An Inuit-owned company has been awarded a seven-year contract to operate and maintain North America’s early-warning radar system in the Canadian Arctic, placing the security and sovereignty of the northern expanse squarely in the hands of its traditional peoples.
The $592-million contract for the operation and upkeep of the North Warning System (NWS) went to Nasittuq Corp. The Iqaluit-based company takes over from Raytheon Technologies at a particularly sensitive time for Arctic sovereignty and management.
“One of the strongest arguments to demonstrate that the Arctic is within Canadian jurisdiction is the fact that you have people living there and those people are the Inuit,” Clint Davis, the Inuk CEO of Nunasi Corp., a Nasittuq shareholder, told Legion Magazine.
“The Inuit are the eyes of Canada in the Arctic. And we’ve been living there for thousands of years. I think it’s rather appropriate that you actually have the people who’ve lived there the longest actively involved in operating, maintaining and managing these systems that are there to provide defence for North America.”
The 37-year-old NWS is a network of dozens of remotely operated radar stations strung 5,000 kilometres along the rim of the Arctic Ocean from Baffin Island and along the Bering Sea to southwestern Alaska’s Aleutian Islands. Nasittuq is responsible for 47 of the stations in Canada.
They are the eyes and ears of the continent’s northern gateway, and the Russian military is regularly testing their effectiveness. Moscow often dispatches Cold War-era bombers over the pole to the edge of Canadian and U.S. airspace, where North American Aerospace Defense Command (Norad) aircraft inevitably turn them back.
Russia has the largest presence of any of the six nations bordering the Arctic Ocean, with some two million Arctic residents—half of all people living above the treeline. Its Northern Fleet is the largest of its four naval fleets, and its military has built a chain of bases along its Arctic front unlike anything before them.
These shifts under the hawkish, even hostile, regime of Russian President Vladimir Putin come as the warming effects of climate change shrink the Arctic ice season and render northern waters more navigable. Russian and American vessels periodically pass through the fabled Northwest Passage without seeking permission from Ottawa.
The vast Canadian Arctic spans three territories, extends to the North Pole, and encompasses
75 per cent of the country’s coastlines and 40 per cent of its land mass.
Eight nations—Canada, Denmark, Finland, Iceland, Norway, Russia, Sweden and the United States—have mounted overlapping and disputed Arctic sovereignty claims.
“I think more countries are going to start getting bolder about Canada’s North,” said Davis, originally from northern Labrador. “As the Northwest Passage opens up, I think you’re going to see more traffic going through there and that traffic won’t be monitored.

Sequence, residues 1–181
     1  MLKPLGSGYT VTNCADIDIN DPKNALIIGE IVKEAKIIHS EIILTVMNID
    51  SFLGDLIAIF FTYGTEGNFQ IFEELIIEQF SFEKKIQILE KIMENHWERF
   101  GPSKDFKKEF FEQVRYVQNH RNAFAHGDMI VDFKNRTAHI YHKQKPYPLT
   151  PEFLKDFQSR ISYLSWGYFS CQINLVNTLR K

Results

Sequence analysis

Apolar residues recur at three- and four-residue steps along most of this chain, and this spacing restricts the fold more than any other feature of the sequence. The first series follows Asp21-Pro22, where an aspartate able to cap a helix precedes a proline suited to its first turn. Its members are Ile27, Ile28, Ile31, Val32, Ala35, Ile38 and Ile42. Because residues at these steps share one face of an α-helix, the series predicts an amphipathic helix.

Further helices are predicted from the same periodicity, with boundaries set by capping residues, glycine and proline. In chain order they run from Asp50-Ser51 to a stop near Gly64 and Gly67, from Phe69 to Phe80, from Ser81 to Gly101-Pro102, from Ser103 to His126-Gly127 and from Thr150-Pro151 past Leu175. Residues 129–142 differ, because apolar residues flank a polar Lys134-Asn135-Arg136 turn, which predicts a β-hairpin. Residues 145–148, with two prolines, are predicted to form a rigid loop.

“I think that does raise concerns about sovereignty and security.”
Meanwhile, plans to upgrade the NWS have been bouncing around for years.
In August 2021, U.S. Air Force General Glen VanHerck, commander of U.S. Northern Command and Norad, said the NWS was designed to detect “bombers flying at 36,000 feet that had to fly over the homeland to drop a gravity weapon.”
“Ideally, we would like to go to an advanced system—over-the-horizon radar,” VanHerck told a symposium in Washington, D.C. “The North Warning System is limited in its distance…which doesn’t allow us to see far enough out away from the homeland.”
It’s the second time Nasittuq has done the NWS job, which includes flights into some of the country’s most remote locations to service equipment. The new Nasittuq contract includes four two-year option periods for a potential total estimated value of $1.3 billion.
The Arctic is fundamental to the Canadian soul and spirit. But Davis, an honorary lieutenant-colonel to the Queen’s York Rangers, a primary reserve unit based in Toronto, says population growth and urbanization, mainly along that 300-kilometre-wide belt bordering the United States where most Canadians live, is leaving more and more people disconnected from the North.
“The world sees us as an Arctic country…. It is a part of our identity,” said Davis, who relates a story about a Torontonian who thought she had to travel to Iceland to see the northern lights. “Inuit are First Canadians and Canadians first.”
He says many, however, are “frustrated” with a host of issues largely centred around support and development, and “the lack of collaborative vision” for the North.
“I do hope that certain leaders [make] a real concerted investment in the Arctic. When you look at basic infrastructure, it doesn’t exist compared to other parts of the country. It’s time to change that.”